Of course, I’m not saying you shouldn’t clap when you want to. Haydn wanted you to clap, and so did Mozart. I clapped all the way through that technicolor Turangalila last year, because it was that kind of show (I also wanted to see how many times we could get Carlos to shush us with his hair). Clap whenever the hell you like, and if anyone judges you for it I’ll fight them in the park out back. I only wish to draw attention to the different modes of consciousness available to us in varied settings.

Messiaen Plus: “Turangalila” with Rose Bond’s projections. Photo: Jacob Wade

For example, it’s revealing that we music enthusiasts typically sit down at classical concerts and stand up at pop shows. This has become institutionalized: there are chairs in the Schnitz, even when we don’t want them (the seats were, for instance, a definite handicap at last year’s Black Violin concert). This is a result of—and, conversely, a contributing factor to—our habit of rarely listening to the two art forms in anything like the same way.

There’s something to that, of course. We sit at classical concerts for the same reason we sit when we meditate or drop acid: the experience is too intense to let physical concerns impede what is fundamentally an internal process. Classical music is not a party drug, at least not most of the time.

And the opposite is generally true at pop concerts: we drink our little drinks, we smoke our little smokes, and we stand up and shake our assess in order to partake of the music’s Dionysian physicality, to participate in the orgiastic ritual of spectacle and celebration. To sit down in this space is unusual, heretical, spoilersporty. To breach the etiquette of either situation is to disrupt the ritual. Try dancing during the Rite of Spring, if you dare. Try sitting down next time you’re at Dante’s for a metal show.

But maybe we should be dancing to the Rite of Spring. One of the things I like most about OSO is how good they are at problematizing and bridging this whole questionable divide. And it’s a good thing they do: for the last few decades, symphony orchestras have been partnering with film composers, pop bands, puppeteers, playwrights, video game makers, and so on, all in a so-far-successful attempt to stay relevant and thus alive. The OSO excels at this, last year bringing in the likes of Rick Springfield and Johnny Mathis (I skipped both of those, sorry) and performing pop-classical mashups like Steve Hackman’s overtly syncretic and totally satisfying Brahms v. Radiohead (omfug there’s a Bartók v. Björk) and Gabriel Kahane’s considerably more organic emergency shelter intake form.

Steve Hackman led the OSO in ‘Brahms vs. Radiohead.’

At all these concerts it’s perfectly acceptable, even encouraged, to clap and laugh and sing, to stand or move around, to dance in the aisles if the ushers are hip enough to partner with you. One charming aspect of a group like ARCO-PDX: when they play Fratres in a bar instead of Lincoln Hall, no one cares if you sing along. Frankly I’d like to see a little more of this at the symphony.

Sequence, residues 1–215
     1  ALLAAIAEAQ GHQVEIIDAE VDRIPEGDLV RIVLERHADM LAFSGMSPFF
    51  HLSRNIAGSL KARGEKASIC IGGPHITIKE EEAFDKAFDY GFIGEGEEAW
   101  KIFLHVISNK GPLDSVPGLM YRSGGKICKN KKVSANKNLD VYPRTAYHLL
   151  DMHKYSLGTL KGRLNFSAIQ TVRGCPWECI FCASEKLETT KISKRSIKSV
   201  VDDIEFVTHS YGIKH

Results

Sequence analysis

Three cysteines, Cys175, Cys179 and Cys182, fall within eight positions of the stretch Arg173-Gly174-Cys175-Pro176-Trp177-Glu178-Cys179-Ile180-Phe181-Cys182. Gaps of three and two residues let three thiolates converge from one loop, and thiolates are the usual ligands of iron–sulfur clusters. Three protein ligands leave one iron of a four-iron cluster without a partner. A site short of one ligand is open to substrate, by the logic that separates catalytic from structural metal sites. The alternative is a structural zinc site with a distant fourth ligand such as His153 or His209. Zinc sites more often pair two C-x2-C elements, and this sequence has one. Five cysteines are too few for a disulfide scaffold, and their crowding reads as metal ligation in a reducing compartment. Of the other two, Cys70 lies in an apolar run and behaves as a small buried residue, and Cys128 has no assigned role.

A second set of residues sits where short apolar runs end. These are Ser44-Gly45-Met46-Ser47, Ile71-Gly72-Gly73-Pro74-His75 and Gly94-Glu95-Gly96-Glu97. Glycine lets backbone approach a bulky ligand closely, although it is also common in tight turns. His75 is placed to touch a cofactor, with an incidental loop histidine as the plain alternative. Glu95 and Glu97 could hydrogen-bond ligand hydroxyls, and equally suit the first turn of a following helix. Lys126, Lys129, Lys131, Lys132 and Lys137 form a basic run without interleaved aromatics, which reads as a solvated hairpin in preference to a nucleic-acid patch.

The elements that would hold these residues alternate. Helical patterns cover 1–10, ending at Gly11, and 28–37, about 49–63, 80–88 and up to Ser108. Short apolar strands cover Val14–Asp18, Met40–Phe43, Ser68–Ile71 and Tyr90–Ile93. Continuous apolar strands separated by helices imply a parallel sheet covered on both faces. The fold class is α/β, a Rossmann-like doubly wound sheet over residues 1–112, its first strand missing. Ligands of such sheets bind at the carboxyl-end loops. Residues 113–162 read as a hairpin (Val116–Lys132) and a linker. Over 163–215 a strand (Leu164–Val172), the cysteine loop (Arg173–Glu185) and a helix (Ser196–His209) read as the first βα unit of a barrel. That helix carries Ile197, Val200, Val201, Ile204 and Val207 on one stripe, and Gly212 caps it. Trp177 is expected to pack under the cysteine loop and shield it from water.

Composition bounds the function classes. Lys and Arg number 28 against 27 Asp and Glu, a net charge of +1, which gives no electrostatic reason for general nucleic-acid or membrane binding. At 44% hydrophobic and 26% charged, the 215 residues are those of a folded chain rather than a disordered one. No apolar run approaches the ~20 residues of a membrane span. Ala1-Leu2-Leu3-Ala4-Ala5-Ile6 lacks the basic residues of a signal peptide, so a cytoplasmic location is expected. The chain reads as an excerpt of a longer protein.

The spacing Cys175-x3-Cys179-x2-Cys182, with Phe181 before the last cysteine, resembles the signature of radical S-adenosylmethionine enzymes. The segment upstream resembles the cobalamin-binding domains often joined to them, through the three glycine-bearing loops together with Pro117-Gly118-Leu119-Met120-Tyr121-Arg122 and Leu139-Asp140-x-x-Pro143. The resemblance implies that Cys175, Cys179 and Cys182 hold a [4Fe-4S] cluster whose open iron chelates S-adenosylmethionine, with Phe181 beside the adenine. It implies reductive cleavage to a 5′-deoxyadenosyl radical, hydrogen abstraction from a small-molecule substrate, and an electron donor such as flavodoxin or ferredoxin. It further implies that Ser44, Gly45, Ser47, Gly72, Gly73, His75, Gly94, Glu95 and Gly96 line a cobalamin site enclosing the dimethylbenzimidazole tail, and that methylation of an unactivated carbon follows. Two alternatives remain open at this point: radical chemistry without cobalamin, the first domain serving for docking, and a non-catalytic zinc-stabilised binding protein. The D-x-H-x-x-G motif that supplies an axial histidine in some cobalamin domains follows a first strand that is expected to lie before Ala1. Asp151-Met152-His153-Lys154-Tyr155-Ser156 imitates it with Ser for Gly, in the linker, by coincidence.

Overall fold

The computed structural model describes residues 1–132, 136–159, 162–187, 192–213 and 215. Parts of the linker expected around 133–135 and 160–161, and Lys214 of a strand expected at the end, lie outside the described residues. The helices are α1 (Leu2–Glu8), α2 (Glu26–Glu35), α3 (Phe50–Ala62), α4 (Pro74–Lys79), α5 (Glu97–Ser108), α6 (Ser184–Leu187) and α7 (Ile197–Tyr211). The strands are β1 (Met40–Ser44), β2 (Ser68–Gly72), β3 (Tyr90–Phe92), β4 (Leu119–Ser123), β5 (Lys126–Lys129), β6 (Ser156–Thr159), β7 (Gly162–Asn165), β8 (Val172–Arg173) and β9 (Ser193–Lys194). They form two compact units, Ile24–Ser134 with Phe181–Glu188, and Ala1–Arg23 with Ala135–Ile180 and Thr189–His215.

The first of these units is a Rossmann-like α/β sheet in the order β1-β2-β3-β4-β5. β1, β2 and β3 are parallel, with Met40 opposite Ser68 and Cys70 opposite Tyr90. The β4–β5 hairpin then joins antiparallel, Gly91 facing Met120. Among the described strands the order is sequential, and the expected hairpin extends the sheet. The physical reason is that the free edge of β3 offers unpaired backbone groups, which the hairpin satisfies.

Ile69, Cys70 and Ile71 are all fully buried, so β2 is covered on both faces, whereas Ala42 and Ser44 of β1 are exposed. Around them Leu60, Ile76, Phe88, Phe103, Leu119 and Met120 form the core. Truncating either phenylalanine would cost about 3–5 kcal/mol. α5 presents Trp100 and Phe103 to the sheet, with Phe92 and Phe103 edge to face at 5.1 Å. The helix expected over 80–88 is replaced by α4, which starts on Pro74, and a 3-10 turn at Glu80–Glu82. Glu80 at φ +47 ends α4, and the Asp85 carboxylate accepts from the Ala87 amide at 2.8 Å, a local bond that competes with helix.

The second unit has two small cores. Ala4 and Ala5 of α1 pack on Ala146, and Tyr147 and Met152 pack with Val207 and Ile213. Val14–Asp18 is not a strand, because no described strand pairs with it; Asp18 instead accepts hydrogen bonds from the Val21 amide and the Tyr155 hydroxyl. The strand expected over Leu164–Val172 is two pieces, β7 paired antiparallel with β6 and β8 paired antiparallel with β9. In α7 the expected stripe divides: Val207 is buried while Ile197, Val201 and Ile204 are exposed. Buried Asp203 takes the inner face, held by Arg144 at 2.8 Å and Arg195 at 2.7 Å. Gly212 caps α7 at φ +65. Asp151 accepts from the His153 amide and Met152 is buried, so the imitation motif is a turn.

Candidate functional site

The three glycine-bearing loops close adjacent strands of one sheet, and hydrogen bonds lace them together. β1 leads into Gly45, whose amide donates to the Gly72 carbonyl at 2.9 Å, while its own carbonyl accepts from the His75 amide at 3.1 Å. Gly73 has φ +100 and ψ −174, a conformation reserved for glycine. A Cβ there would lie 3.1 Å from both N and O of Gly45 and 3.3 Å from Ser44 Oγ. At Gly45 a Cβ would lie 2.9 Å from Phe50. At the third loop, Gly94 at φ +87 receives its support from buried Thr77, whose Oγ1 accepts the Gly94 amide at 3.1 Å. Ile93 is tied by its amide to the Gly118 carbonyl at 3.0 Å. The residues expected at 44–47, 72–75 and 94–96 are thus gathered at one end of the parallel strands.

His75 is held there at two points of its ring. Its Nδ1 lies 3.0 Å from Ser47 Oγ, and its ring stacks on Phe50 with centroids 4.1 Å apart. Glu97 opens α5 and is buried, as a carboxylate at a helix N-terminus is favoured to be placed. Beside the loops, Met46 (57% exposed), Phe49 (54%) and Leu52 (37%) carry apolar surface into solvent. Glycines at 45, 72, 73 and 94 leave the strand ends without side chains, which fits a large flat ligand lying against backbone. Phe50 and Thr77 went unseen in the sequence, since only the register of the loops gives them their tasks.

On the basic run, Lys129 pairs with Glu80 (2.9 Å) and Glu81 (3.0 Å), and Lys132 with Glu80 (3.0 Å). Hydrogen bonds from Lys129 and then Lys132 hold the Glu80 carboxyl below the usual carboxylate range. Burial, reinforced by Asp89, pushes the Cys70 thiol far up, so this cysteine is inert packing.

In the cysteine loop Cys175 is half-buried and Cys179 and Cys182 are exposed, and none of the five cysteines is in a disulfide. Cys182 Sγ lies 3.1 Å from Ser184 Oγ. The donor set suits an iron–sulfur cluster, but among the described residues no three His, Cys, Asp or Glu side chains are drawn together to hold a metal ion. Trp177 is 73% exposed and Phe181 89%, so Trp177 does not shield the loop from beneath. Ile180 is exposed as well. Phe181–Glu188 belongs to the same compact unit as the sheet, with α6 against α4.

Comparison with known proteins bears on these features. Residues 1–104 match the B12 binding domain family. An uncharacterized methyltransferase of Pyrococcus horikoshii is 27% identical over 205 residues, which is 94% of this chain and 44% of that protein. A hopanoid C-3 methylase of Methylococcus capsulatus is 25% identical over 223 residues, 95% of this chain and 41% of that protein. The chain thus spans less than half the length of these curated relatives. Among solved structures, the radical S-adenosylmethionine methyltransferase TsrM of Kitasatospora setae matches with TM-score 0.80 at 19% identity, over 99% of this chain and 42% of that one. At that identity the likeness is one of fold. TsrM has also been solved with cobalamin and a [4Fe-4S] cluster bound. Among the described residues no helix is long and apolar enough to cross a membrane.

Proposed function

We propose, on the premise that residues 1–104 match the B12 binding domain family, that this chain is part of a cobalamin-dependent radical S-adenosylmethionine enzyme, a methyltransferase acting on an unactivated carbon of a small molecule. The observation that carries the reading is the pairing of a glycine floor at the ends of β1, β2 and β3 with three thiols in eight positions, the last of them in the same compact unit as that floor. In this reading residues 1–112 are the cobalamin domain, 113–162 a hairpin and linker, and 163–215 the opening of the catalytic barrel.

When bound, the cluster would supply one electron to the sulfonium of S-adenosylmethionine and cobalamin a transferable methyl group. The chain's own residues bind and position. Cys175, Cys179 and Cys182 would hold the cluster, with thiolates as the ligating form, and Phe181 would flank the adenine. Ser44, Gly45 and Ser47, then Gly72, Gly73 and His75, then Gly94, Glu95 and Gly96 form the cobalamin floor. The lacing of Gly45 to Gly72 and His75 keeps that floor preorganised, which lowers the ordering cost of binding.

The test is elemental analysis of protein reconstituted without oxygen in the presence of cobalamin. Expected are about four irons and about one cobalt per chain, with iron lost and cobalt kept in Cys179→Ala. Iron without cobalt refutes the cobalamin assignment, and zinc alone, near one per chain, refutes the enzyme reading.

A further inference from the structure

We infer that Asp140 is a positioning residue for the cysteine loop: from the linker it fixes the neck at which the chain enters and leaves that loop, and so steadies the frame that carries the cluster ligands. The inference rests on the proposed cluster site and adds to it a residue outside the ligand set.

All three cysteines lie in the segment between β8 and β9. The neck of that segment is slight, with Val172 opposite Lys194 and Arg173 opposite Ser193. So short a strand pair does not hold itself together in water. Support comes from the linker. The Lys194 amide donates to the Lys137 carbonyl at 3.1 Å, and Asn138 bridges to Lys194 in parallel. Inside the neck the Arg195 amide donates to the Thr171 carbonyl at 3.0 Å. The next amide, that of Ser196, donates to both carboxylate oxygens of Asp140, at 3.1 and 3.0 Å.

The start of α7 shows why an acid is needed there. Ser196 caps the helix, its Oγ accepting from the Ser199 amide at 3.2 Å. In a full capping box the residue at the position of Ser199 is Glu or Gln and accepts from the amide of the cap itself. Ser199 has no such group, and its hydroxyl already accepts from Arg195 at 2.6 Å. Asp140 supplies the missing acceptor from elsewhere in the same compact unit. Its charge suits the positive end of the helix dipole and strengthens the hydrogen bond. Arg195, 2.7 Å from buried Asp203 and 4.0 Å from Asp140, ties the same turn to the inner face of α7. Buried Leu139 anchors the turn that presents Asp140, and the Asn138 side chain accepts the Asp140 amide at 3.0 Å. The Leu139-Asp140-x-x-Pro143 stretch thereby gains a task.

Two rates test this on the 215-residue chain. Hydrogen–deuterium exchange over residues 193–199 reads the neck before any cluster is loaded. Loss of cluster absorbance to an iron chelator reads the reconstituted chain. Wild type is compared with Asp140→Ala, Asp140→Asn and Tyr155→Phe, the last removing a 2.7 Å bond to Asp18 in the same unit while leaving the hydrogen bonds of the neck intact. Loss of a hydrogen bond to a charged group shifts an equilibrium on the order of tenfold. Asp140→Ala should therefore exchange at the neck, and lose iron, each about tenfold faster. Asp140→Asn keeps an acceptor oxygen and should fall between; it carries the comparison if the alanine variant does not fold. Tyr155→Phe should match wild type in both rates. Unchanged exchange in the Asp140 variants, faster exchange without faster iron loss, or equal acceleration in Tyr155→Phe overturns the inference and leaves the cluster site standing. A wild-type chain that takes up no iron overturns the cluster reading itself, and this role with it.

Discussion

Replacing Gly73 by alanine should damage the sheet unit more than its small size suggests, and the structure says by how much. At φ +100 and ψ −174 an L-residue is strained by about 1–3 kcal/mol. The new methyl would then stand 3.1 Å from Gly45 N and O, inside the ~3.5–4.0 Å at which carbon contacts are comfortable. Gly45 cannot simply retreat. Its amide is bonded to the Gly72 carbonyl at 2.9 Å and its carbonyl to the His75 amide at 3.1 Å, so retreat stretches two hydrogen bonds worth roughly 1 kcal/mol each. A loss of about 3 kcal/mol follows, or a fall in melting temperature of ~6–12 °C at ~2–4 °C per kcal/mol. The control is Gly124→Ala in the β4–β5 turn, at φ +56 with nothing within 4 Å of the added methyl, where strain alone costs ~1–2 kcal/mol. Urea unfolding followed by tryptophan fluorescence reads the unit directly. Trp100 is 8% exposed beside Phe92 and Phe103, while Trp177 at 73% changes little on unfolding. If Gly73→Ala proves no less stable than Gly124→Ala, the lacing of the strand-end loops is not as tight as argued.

Coming Soon

This weekend, the orchestra puts on a Boston Pops Orchestra style concert, playing popular selections by Wagner, Bizet, Gershwin, Tchaikovsky, Williams, and a few others at the Oregon Zoo; next weekend they’re back at the Schnitz playing, at long last, the first, the original, Star Wars.

Renée Fleming joins the Oregon Symphony for its opening night concert.

The season to come promises more of the same. Renée Fleming will be here for opening night later this month, singing her usual assortment of hits and classics along with Letters from Georgia, a setting of Georgia O’Keeffe letters by Pulitzer-winning composer Kevin Puts. Then it’s Brahms again, straddling September and October, bracketed by Copland’s obligingly jazzy Piano Concerto, another of Haydn’s million symphonies (which, admittedly, the OSO always plays with wit and elegance, as evidenced on last year’s recording), and—be still my heart!—a premiere of another new work, this one by a composer younger than I am, Katherine Balch.

Karen Gomyo plays Sibelius with the OSO this fall.

I’ll probably go check out the Star Trek concert in October, even though I prefer a lightsaber to a phaser, and I’ll almost certainly go check out former Contemporary Christian Music singer Tony Vincent performing a bunch of orchestrated U2 songs (I haven’t heard Vincent perform live since I saw him open for Newsboys in 1995).

I will definitely be there later in October to hear Karen Gomyo perform the Sibelius Violin Concerto, although I have to admit I’m more excited about the pair of short pieces by Polish composers (Kilar, Lutosławski) and the prospect of hearing that magnificent brass section play Shostakovich’s Symphony No. 9.

October closes with more Tchaikovsky and another monosyllabically titled Andrew Norman concerto, this one composed for a more familiar percussion instrument—the piano. After that we’re into November’s SoundStories Petrushka puppet show and the return of Hackman with Tchaikovsky v. Drake—but that’s a story for another time.